Open Access Open Badges Study protocol

Randomized clinical trial of the timing it right stroke family support program: research protocol

Jill I Cameron12*, Gary Naglie345, Monique A M Gignac67, Mark Bayley89, Grace Warner10, Theresa Green11, Anna Czerwonka12, Maria Huijbregts1213, Frank L Silver14, Steve J Phillips15 and Angela M Cheung1617

Author Affiliations

1 Department of Occupational Science and Occupational Therapy, University of Toronto, 160-500 University Ave, Toronto, Ontario M5G 1V7, Canada

2 UHN Toronto Rehabilitation Institute, Toronto, Canada

3 Department of Medicine and Rotman Research Institute, Baycrest Health Sciences, 3560 Bathurst Street, Toronto, Ontario M6A 2E1, Canada

4 Research Department, UHN Toronto Rehabilitation Institute, Toronto, Canada

5 Department of Medicine and Institute of Health Policy, Management and Evaluation, University of Toronto, Toronto, Canada

6 UHN Toronto Western Research Institute, 399 Bathurst Street, Main Pavilion, 10-328, Toronto, ON ON M5T 2S8, Canada

7 Dalla Lana School of Public Health, University of Toronto, Toronto, Canada

8 UHN Toronto Rehabilitation Institute, University Centre, University of Toronto, 550 University Avenue, Toronto, Ontario M5G 2A2, Canada

9 Department of Medicine, University of Toronto, Toronto Canada

10 School of Occupational Therapy, Dalhousie University, 5689 University Ave, Halifax, Nova Scotia B3H 3J5, Canada

11 Faculty of Nursing, University of Calgary, 2500 University Dr NW, Calgary AB T2N 1N4, Canada

12 Family Service Toronto, 355 Church Street, Toronto, Ontario M5B 1Z8, Canada

13 Department of Physical Therapy, University of Toronto, Baycrest Health Sciences, Toronto, Canada

14 UHN Toronto Western Hospital, 399 Bathurst Street, Toronto, ON M5T 2S8, Canada

15 Department of Medicine, Division of Neurology, Dalhousie University/QEII Health Sciences Centre, 1796 Summer Street, Halifax, Nova Scotia B3H 3A7, Canada

16 UHN Toronto General Hospital, 200 Elizabeth Street, 7 Eaton North - room 221, Toronto, Ontario M5G 2C4, Canada

17 Department of Medicine, University of Toronto, Toronto, Canada

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BMC Health Services Research 2014, 14:18  doi:10.1186/1472-6963-14-18

Published: 17 January 2014



Family caregivers provide invaluable support to stroke survivors during their recovery, rehabilitation, and community re-integration. Unfortunately, it is not standard clinical practice to prepare and support caregivers in this role and, as a result, many experience stress and poor health that can compromise stroke survivor recovery and threaten the sustainability of keeping the stroke survivor at home. We developed the Timing it Right Stroke Family Support Program (TIRSFSP) to guide the timing of delivering specific types of education and support to meet caregivers’ evolving needs. The objective of this multi-site randomized controlled trial is to determine if delivering the TIRSFSP across the stroke care continuum improves caregivers’ sense of being supported and emotional well-being.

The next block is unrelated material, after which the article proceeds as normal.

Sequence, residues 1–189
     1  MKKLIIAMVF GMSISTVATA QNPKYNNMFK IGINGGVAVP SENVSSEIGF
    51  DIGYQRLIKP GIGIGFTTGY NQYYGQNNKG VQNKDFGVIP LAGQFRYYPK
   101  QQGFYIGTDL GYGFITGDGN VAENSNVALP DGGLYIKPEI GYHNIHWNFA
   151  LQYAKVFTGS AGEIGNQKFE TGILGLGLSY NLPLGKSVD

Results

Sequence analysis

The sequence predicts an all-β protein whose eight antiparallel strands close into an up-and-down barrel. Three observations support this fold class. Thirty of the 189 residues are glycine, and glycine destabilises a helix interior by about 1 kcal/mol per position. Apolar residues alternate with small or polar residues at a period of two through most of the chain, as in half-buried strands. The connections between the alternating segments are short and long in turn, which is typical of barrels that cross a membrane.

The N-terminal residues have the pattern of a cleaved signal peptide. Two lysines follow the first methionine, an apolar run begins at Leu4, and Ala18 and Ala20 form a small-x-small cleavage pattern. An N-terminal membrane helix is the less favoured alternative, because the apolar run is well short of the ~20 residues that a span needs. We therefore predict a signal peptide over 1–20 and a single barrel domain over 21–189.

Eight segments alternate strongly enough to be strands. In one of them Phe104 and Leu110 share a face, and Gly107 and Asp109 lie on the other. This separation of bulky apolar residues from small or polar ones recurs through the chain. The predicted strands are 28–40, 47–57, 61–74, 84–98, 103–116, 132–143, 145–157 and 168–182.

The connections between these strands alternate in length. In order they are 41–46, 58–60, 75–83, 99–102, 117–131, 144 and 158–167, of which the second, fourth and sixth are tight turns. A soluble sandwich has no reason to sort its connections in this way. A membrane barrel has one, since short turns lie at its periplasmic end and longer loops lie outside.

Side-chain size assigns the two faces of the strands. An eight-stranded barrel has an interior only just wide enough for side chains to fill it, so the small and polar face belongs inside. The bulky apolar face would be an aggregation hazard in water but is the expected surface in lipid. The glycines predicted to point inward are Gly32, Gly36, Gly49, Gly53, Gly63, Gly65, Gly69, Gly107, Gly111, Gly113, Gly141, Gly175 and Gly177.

Our multi-site single-blinded randomized controlled trial will recruit 300 family caregivers of stroke survivors from urban and rural acute care hospitals. After completing a baseline assessment, participants will be randomly allocated to one of three groups: 1) TIRSFSP guided by a stroke support person (health care professional with stroke care experience), delivered in-person during acute care and by telephone for approximately the first six to 12 months post-stroke, 2) caregiver self-directed TIRSFSP with an initial introduction to the program by a stroke support person, or 3) standard care receiving the educational resource “Let’s Talk about Stroke” prepared by the Heart and Stroke Foundation. Participants will complete three follow-up quantitative assessments 3, 6, and 12-months post-stroke. These include assessments of depression, social support, psychological well-being, stroke knowledge, mastery (sense of control over life), caregiving assistance provided, caregiving impact on everyday life, and indicators of stroke severity and disability. Qualitative methods will also be used to obtain information about caregivers’ experiences with the education and support received and the impact on caregivers’ perception of being supported and emotional well-being.


This research will determine if the TIRSFSP benefits family caregivers by improving their perception of being supported and emotional well-being. If proven effective, it could be recommended as a model of stroke family education and support that meets the Canadian Stroke Best Practice Guideline recommendation for providing timely education and support to families through transitions.

Trial registration NCT00958607.

Stroke; Caregiver; Mixed methods; Randomized controlled trial; Social support; Education; Longitudinal